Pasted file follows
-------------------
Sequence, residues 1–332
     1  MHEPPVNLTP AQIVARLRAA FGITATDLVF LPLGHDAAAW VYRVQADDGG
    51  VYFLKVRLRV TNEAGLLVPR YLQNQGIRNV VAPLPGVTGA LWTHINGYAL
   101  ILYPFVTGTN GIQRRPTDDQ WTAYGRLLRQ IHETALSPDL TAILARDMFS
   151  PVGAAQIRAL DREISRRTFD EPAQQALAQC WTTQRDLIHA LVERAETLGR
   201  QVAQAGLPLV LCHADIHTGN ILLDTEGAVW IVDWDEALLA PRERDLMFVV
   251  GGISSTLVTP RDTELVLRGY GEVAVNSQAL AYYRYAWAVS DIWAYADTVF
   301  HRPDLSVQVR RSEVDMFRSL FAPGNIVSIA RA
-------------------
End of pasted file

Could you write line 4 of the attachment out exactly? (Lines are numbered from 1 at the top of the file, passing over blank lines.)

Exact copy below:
   101  ILYPFVTGTN GIQRRPTDDQ WTAYGRLLRQ IHETALSPDL TAILARDMFS